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Unnatural Death (Lord Peter Wimsey…

Unnatural Death (Lord Peter Wimsey Mysteries) (original 1927; edition 1995)

by Dorothy L. Sayers

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Title:Unnatural Death (Lord Peter Wimsey Mysteries)
Authors:Dorothy L. Sayers
Info:HarperTorch (1995), Mass Market Paperback, 288 pages
Collections:Your library, Books Read 2012
Tags:fiction, crime, mystery, british

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Unnatural Death by Dorothy L. Sayers (1927)



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Showing 1-5 of 44 (next | show all)
Unnatural Death the novel hadn't stayed in my memory, but this was an enjoyable adaptation. Inspector Parker is certain there was nothing to it with the young doctor whose career suffered a setback when he suspected a patient was murdered, but no evidence was found during the autopsy and screening. Lord Peter is certain it was murder. ( )
  JalenV | Mar 1, 2016 |
Enjoy these books very much, she is such a great writer. I was a bit turned off by some of the racial language from a couple of the characters in this one, but one has to remember to read the book in the time it was written. Also, I don't believe that this was the views of the author herself, just the character's. ( )
  BooksForDinner | Feb 25, 2016 |
Unnatural Death opens with a bystander overhearing a dinner conversation between Lord Peter and his best friend and colleague (besides Bunter, that is), Charles Parker, an Inspector at Scotland Yard. The bystander is a doctor who had public doubts about an apparent natural death due to cancer that defied his predicted survival timeframe. He paid a high social cost for expressing his concern and wanted to move on. Lord Peter took his doubts seriously enough to figure out the name and location of the decedent and embark on an investigation. This is the book where Charles is introduced to Miss Climpson, Lord Peter's premier confidential agent, hilariously misunderstood to be a love interest in a discreet love nest. Peter sends Miss Climpson to the village to dig up gossip and observe the local characters involved. And Bunter plays a role at appropriate moments, as does Mr. Murbles, Lord Peter’s solicitor. Charles Parker doesn't believe there's anything to investigate for the first half of the story, until additional people associated with the case die of apparent natural causes and a motive is finally uncovered. By the end, there were 3 murders, 3 attempted murders, and 1 suicide, all starting with an old woman supposedly dying of metastatic cancer in the hospice care of the day. The visual aid of a genealogical table at the end helps put the motive in perspective. I think it might be the highest body count of any of the Lord Peter mysteries, and certainly one of the most violent near misses. . The murderer is unrepentant and fighting to the end. This book was very much a contemplation on gender norms and roles and implicit lesbian relationships, as well as Lord Peter questioning whether his activities cause more harm than good ( )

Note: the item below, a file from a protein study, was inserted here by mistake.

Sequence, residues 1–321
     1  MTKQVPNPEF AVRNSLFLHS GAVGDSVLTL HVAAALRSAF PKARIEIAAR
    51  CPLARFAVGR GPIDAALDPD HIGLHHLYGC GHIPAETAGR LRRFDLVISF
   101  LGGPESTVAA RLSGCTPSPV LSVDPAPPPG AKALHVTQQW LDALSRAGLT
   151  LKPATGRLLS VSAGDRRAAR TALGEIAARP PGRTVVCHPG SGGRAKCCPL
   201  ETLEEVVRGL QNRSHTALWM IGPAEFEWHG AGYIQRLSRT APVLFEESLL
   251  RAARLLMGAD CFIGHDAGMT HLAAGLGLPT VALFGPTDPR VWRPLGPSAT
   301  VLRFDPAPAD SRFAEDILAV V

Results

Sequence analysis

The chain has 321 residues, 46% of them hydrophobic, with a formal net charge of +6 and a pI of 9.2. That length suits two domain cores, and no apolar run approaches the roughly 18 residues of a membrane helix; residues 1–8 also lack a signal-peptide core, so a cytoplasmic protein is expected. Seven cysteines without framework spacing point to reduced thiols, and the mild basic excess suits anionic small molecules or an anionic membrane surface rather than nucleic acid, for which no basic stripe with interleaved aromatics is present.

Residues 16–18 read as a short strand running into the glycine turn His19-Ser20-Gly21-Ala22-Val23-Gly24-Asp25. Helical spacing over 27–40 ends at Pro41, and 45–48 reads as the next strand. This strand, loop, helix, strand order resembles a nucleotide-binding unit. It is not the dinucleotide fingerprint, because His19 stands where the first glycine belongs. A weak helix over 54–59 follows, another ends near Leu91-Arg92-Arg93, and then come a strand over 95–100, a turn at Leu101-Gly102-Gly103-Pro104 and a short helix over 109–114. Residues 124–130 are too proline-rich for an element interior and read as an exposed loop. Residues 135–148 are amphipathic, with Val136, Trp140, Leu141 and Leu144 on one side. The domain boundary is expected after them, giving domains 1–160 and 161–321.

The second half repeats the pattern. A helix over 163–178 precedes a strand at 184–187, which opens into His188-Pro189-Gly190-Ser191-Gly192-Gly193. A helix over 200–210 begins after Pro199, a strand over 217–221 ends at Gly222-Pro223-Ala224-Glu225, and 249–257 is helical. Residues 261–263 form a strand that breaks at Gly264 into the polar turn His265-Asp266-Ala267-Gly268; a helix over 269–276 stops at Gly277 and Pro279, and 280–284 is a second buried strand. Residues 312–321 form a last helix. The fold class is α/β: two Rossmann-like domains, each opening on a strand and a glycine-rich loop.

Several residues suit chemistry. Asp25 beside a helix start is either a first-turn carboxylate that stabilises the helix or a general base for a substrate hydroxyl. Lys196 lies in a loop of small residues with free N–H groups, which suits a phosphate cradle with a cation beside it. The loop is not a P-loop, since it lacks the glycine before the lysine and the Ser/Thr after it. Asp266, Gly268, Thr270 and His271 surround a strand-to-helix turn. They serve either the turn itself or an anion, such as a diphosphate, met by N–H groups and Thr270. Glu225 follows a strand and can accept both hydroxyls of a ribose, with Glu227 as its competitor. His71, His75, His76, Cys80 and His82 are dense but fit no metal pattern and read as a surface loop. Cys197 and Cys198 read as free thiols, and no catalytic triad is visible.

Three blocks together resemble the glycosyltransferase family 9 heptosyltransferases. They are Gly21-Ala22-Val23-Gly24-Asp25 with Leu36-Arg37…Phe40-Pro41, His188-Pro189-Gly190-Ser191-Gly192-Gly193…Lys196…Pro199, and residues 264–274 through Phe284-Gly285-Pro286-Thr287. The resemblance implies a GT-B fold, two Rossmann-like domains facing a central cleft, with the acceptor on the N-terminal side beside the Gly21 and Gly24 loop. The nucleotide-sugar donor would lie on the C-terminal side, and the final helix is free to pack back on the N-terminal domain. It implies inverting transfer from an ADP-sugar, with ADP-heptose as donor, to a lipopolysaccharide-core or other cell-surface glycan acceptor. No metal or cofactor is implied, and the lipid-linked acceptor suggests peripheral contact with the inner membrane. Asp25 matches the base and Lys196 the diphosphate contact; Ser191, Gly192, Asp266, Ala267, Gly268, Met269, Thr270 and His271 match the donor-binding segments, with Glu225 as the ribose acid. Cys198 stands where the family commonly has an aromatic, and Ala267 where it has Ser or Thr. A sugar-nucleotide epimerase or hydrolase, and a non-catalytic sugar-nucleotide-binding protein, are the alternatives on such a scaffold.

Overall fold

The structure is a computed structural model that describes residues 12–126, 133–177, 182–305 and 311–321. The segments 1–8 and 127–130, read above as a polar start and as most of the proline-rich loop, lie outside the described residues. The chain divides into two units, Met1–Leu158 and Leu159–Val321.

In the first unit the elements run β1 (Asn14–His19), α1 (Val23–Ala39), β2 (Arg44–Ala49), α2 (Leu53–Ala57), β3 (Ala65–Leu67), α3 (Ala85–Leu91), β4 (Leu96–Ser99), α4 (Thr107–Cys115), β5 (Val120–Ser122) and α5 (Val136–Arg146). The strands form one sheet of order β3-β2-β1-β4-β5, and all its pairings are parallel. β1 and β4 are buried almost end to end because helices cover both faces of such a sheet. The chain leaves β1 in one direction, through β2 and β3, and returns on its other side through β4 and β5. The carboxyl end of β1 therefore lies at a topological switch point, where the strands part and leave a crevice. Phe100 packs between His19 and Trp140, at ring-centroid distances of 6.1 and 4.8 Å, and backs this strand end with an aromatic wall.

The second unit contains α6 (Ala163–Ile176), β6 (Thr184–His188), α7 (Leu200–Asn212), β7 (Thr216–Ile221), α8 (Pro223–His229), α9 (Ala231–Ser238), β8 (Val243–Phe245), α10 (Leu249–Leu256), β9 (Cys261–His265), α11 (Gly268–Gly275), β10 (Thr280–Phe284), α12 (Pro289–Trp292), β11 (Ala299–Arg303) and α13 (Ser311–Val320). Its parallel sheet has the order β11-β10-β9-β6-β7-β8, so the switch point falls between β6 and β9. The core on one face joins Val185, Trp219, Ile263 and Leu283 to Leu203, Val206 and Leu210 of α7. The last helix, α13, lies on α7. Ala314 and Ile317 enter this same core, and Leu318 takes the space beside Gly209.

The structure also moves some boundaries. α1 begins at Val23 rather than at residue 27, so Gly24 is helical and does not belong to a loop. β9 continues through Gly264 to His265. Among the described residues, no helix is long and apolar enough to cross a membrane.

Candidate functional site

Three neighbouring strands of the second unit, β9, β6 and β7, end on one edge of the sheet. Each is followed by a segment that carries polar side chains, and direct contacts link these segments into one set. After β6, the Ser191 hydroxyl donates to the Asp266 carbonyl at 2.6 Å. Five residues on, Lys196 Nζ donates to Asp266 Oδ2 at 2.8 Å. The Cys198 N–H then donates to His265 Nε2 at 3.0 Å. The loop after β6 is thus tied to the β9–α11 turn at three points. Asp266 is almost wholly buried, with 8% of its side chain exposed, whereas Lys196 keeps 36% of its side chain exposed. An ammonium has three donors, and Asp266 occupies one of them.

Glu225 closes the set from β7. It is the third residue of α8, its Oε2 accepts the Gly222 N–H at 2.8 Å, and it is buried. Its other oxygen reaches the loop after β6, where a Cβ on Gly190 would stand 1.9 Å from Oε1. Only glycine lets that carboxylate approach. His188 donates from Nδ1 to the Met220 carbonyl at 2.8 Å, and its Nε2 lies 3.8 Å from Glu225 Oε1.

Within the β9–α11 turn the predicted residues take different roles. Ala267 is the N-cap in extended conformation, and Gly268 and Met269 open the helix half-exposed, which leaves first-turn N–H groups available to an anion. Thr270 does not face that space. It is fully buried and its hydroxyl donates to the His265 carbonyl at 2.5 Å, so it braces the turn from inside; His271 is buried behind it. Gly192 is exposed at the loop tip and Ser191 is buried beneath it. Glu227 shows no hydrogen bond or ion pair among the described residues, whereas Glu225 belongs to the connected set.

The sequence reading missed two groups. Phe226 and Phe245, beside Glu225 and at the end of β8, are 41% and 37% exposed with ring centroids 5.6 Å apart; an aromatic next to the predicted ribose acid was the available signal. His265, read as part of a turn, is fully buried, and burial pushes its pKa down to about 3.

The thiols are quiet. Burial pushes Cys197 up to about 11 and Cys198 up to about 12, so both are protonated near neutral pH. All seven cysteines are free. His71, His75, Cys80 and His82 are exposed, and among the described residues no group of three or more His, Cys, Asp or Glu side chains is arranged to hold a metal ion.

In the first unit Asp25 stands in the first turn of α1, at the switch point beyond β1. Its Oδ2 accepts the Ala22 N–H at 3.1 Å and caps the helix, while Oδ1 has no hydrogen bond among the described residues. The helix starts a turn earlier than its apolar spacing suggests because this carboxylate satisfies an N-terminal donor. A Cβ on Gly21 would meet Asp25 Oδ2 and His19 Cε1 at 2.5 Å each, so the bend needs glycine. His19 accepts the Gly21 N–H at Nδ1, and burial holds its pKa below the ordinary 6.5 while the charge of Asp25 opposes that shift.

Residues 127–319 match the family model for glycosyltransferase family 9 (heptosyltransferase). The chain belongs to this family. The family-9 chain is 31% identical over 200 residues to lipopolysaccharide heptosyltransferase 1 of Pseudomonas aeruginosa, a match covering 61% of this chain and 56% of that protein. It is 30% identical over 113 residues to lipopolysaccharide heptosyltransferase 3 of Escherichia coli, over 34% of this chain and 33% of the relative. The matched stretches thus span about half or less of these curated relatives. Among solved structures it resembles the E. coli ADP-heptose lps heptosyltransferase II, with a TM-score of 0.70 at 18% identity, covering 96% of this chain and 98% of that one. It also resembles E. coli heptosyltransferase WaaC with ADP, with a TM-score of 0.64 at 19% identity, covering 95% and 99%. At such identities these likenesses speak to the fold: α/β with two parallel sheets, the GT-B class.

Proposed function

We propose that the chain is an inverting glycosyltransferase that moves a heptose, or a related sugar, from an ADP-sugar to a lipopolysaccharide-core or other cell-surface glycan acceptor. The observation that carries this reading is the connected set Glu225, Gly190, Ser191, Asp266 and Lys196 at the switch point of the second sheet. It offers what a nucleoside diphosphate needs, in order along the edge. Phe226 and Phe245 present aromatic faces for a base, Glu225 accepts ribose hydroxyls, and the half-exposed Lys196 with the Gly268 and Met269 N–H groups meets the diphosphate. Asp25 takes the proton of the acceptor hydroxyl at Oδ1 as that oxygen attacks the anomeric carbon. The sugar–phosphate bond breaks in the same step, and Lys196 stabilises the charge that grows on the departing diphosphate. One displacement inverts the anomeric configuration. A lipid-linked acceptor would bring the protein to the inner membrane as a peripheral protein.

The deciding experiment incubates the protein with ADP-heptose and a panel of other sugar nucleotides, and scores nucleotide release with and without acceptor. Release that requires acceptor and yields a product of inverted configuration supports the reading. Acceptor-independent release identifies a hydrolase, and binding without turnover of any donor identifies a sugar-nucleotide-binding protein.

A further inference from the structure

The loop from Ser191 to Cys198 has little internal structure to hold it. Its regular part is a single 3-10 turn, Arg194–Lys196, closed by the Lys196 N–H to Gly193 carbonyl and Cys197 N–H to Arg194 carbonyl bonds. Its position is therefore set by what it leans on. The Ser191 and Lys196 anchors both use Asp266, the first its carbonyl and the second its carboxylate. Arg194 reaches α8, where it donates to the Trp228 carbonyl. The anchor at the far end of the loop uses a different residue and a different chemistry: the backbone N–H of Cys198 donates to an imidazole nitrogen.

justchris | Jan 18, 2016 |
probably my least favorite Wimsey. The point of inheritance law involved is interesting --worthy of Cyril Hare or Michael Gilbert, but I have seen the murder method criticized as unreliable, and the ending is depressingly grim. ( )
  antiquary | Jan 4, 2016 |